The Council of Canadians has posted a new series of documents in relation to their robocall litigation. As you can see, they are attempting to get an affidavit from an Elections Canada investigator, and Elections Canada is attempting to avoid this. More intriguingly, though, another couple of warrants have been released in the process. That’s what the press has been clamouring about, and I thought it would be good to take a close look.
One warrant was served on Shaw about one month ago — again, how the hell can Elections Canada possibly take so long in this investigation? — and seeks to get telephone records for a number of complainants regarding misdirection calls sent to them during the 2011 election campaign. Unlike in the Alan Matthews warrants, which pertain to Guelph, this warrant has the names redacted, but it refers to offences being committed in four provinces: Ontario, Manitoba, Alberta, and British Columbia. The investigator for this file is John Dickson.
Here’s the Dickson allegations:
Electors in a number of Electoral Districts (ED) in Canada received telephone calls from a live or recorded caller(s). In some cases the caller purported to be calling as an official of Elections Canada. The content of the messages was to inform the elector that his or her polling station had been changed to another location, typically a further distance from the elector’s place of residence…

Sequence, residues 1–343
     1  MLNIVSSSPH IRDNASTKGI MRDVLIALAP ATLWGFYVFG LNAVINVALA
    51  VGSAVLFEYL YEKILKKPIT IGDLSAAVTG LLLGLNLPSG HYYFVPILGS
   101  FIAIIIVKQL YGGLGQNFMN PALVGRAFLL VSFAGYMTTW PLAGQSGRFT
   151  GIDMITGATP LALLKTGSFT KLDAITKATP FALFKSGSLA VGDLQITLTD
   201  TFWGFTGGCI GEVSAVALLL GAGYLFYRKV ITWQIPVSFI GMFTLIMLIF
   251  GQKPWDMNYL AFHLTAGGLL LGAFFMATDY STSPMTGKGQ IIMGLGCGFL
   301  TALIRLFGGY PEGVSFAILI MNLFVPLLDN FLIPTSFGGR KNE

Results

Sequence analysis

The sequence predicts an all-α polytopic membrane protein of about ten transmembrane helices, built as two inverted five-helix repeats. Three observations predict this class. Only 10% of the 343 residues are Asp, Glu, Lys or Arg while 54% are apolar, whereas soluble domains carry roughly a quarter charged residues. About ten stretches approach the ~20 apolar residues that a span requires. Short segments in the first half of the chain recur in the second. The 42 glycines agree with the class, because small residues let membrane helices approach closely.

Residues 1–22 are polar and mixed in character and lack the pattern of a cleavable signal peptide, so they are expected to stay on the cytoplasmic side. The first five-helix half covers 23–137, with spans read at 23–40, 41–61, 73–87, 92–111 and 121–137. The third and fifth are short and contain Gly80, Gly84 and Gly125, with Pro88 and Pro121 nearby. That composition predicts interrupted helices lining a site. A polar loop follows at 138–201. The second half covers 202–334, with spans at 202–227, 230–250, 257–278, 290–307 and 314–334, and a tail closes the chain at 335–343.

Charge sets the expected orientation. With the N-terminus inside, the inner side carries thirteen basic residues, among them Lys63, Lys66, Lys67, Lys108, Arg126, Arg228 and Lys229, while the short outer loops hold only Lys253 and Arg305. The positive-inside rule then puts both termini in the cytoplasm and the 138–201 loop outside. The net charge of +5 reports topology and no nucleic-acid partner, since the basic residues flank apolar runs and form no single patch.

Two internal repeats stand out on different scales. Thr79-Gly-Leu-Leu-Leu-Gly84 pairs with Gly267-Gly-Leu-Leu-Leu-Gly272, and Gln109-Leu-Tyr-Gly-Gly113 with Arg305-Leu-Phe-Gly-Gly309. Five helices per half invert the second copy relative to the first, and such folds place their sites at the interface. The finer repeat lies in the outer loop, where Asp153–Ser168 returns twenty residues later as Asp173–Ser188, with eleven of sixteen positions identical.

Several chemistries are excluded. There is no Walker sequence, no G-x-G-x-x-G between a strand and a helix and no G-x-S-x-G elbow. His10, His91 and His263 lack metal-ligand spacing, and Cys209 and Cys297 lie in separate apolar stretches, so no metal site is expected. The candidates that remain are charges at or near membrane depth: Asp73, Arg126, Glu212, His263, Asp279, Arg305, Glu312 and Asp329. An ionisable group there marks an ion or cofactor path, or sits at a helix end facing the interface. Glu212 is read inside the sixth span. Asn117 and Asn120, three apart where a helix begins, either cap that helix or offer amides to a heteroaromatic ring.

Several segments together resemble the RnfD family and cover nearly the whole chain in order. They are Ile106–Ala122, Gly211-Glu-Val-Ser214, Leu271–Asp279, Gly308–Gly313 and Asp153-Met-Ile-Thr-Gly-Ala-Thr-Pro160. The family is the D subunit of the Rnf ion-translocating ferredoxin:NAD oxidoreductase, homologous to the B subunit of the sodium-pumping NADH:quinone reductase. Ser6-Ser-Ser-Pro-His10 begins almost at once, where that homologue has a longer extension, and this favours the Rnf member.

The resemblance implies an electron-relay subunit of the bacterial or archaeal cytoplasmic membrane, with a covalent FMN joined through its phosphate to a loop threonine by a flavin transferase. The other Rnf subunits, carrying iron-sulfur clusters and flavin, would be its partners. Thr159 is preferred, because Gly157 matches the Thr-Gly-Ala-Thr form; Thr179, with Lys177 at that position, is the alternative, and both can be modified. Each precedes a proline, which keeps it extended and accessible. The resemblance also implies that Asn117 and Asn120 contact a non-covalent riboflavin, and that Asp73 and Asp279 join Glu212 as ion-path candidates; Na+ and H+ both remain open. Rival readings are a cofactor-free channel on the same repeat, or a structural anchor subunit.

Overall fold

A number of electors received annoying, harassing and/or inconvenient telephone calls. The callers claimed to represent particular federal political parties, but because of the content, tone and/or time of day the calls were received (often early morning or late evening/night) and/or the frequency of the calls, the calls were intended to induce… or refrain from voting for a particular candidate.
That’s from the Shaw warrant. Another one went to Rogers, and a second investigator, Andre Thouin, filed papers for Videotron.
The fact that Elections Canada is only now sitting down to get the phone number from which these alleged misdirection calls originated is not encouraging. That means they’re at least a full year behind the Guelph robocall investigation, and that one was already so delayed that some key evidence had been erased in the normal course of purging records by various service providers, none of whom, I must emphasize, were implicated in any way in the investigation other than being the unlucky contractor selected by the crooks.
It is, however, fresh fuel for my new Poutine Project, an under-construction summary of electoral misdeeds. Over the next week or so, I will be combing through the new material and making a new list of affected ridings. Actually several lists: one for harassment calls, one for “Elections Canada” vote misdirection calls, one for “Conservative” vote misdirection calls, and one for unidentified vote misdirection calls. British Columbian ridings are going to be posted first, because they’re the first ones listed in the warrant. In British Columbia, according to Elections Canada, 20 ridings were affected by a range of crimes ranging from robocalls from Elections Canada to live calls supposedly from all political parties.